Osoyoos Museum board confident new home will open to public in spring of 2017

By on February 18, 2015
his is a conceptual drawing of what the public gallery of the Osoyoos Museum will look like when it officially opens to the public at its new home inside the current Home Hardware Building Centre on Main Street in Osoyoos in the spring of 2017. PHOTO SUPPLIED

his is a conceptual drawing of what the public gallery of the Osoyoos Museum will look like when it officially opens to the public at its new home inside the current Home Hardware Building Centre on Main Street in Osoyoos in the spring of 2017.
PHOTO SUPPLIED

Council told Phase One of major project will include major renovations to Home Hardware building

There’s plenty of work that needs to be done and a great deal of money to be raised, but the sparkling new home of the Osoyoos Museum will open to the public in just over two years from now.

Mat Hassen, the chair of the board of directors with the Osoyoos Museum Society and Archives, told members of Town of Osoyoos council on Monday that the board will take possession of the current Home Hardware Building Centre building on Main Street next October. He and the board have every confidence all the changes needed to bring the building up to provincial codes and standards will be finished to allow for the museum to be open to the public in the spring of 2017, said Hassen.

“Opening in the spring of 2017 remains our goal,” he said.

A consultant’s report prepared last year indicated the total costs to turn the museum into a state-of-the-art facility would be in the neighbourhood of $4.5 million, said Hassen.

“We were quite surprised by that … it’s clearly beyond what we could really afford,” he said.

The board made a decision to upgrade the facility in different phases with the majority of the $1.85 million first phase going towards “bricks and mortar projects” to bring the building up to provincial building code standards, said Hassen.

The museum will eventually feature more than 6,000 square meters of floor space over two storeys and phase one will include building the public gallery on the main floor, he said.

Planned renovations during Phase One will include an upgraded and artistic main entrance upgrade, small gift shop and kitchenette area, boardroom and meeting rooms, elevator from the basement to the first and second floors, roof upgrade, solar panel heating system on the roof, new mezzanine and archive room in the basement, said Hassen.

Planning also calls for more than 20 displays to be ready for the opening weekend two years from now, he said.

Exhibit planning will be based on showcasing the long and proud history of this community featuring the faces and voices of the area, while retaining the “small town feel” of Osoyoos, he said.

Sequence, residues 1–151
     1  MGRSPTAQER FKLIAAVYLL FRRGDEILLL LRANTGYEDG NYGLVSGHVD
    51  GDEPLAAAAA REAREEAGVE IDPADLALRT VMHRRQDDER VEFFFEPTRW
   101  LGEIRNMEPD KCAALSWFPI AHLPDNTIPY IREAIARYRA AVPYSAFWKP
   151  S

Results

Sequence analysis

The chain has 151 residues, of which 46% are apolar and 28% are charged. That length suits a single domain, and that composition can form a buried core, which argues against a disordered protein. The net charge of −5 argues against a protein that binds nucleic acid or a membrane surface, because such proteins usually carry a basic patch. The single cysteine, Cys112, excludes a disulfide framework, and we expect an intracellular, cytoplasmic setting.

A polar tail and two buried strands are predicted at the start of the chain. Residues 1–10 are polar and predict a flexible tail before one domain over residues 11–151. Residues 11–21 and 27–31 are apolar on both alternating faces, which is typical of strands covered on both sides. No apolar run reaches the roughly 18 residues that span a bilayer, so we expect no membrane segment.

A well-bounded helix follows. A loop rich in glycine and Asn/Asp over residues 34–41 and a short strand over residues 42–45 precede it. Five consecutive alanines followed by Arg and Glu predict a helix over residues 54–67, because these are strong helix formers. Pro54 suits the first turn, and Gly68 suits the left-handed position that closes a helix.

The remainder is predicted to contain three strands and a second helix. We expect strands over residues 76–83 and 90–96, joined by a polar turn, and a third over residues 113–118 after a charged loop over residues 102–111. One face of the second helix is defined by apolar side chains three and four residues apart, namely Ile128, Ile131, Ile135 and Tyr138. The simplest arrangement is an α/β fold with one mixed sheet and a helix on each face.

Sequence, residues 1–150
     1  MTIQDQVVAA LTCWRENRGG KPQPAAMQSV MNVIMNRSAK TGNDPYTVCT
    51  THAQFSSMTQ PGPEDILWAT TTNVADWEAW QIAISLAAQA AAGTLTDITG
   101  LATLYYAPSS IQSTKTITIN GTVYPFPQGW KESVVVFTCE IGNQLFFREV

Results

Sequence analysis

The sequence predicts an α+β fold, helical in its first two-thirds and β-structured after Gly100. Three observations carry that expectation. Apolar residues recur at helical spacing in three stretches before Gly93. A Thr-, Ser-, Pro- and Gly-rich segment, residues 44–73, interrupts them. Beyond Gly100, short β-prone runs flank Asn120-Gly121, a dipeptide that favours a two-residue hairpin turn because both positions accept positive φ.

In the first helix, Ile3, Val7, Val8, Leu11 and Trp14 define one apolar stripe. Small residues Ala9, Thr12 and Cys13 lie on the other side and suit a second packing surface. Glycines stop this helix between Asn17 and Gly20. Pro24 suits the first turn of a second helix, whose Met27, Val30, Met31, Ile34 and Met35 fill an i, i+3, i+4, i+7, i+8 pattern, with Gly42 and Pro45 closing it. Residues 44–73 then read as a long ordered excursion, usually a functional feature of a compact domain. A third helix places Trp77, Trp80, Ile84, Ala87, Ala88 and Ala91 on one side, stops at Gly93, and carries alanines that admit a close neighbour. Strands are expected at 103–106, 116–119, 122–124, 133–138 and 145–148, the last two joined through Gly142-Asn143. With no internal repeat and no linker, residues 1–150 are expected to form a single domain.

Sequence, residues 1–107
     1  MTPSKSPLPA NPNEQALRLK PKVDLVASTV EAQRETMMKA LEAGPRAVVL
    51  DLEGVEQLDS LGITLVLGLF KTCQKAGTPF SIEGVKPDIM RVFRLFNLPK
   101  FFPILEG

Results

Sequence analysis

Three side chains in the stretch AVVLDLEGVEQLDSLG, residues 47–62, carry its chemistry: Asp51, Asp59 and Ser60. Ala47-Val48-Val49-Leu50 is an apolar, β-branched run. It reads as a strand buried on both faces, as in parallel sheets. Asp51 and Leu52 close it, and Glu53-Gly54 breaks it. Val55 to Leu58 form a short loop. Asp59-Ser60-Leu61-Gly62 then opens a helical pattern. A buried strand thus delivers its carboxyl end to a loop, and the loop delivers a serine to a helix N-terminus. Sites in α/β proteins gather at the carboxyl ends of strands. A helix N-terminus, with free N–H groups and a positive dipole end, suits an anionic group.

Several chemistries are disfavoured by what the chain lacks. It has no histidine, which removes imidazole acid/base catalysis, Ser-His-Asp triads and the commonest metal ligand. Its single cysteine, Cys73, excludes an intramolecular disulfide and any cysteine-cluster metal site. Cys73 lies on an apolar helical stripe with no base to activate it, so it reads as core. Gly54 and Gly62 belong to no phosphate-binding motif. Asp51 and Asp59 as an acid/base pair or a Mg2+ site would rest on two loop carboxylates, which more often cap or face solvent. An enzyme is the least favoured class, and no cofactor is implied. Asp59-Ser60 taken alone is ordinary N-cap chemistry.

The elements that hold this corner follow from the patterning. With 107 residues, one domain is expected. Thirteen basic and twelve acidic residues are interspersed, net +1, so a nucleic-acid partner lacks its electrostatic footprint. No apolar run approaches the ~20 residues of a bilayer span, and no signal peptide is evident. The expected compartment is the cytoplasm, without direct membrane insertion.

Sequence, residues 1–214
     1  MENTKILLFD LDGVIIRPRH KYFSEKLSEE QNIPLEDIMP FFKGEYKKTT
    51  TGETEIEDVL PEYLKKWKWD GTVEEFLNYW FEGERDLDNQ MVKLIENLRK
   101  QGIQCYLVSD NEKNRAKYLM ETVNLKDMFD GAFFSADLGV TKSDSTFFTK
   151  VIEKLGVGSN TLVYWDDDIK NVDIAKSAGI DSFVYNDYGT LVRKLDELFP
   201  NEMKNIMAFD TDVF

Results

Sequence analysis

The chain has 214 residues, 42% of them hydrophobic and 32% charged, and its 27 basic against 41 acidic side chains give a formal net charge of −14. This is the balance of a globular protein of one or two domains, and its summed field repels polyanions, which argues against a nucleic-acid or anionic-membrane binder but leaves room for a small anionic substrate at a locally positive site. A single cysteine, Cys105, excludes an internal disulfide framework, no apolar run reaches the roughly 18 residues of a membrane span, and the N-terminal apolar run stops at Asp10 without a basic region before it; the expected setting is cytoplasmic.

Because they are moving into a new home, the plan is to totally refresh current displays, reconfigure selected exhibits and continually add new exhibits and themes, he said.

Construction costs for Phase One have been budgeted at $1.55 million, with a $232,000 contingency fund and extra allowance of $72,000 for total construction estimates of $1.857 million.

That doesn’t include a budget of $185,000 for professional fees and $23,000 for permits and surveys, he said.

Fundraising efforts so far have helped generate more than $1.2 million through grants, sponsorships and donations, he said.

Money will also be raised through “naming rights” to the museum and continuing to apply for funding from different programs, foundations, corporations, groups and individuals.

“The initial primary focus will be on bricks and mortar funds,” he said.

The board promised to not ask local taxpayers to pay any of the costs involved in this project and that hasn’t changed as the board will not be asking council to pay for this new museum through general taxes, said Hassen.

However, the museum society needs and welcomes community support and involvement in relation to time, expertise and personal contributions, both financially and in-kind, he said.

“This is the community’s museum, not the society’s museum,” he said. “We can’t borrow money and we’ll have to do with what we raise.

“We are looking for peoples’ time and we are looking for their expertise. We need their time. We need their talent and we need their expertise.”

A big challenge is applying for arts and culture grants as senior levels of government provide only two to three per cent of all grant money to arts and cultural organizations like the Osoyoos Museum, he said.

The museum will be holding four community events in the coming weeks to promote the museum and board members and staff will be able to discuss with the public their plans for moving into their new home in less than two years.

This week is Heritage Week in British Columbia and there is free admission for all visitors to the Osoyoos Museum until end of business on Friday.

An official community fundraising launch and open house will be held on March 28. The museum will be celebrating its 52nd birthday and will hold another open house on June 13. A Species at Risk day camp will be held the week of Aug. 10-15.

Mayor Sue McKortoff thanked Hassen and his fellow board members for working so hard to make the dream of a new home for the museum a reality.

Anyone making a donation to the fundraising efforts of the museum board will be issued a tax receipt, said Hassen.

A new “fundraising thermometer” will soon be installed outside the Home Hardware building to keep the public aware of how much money has been raised and how much more is needed.

KEITH LACEY

Osoyoos Times

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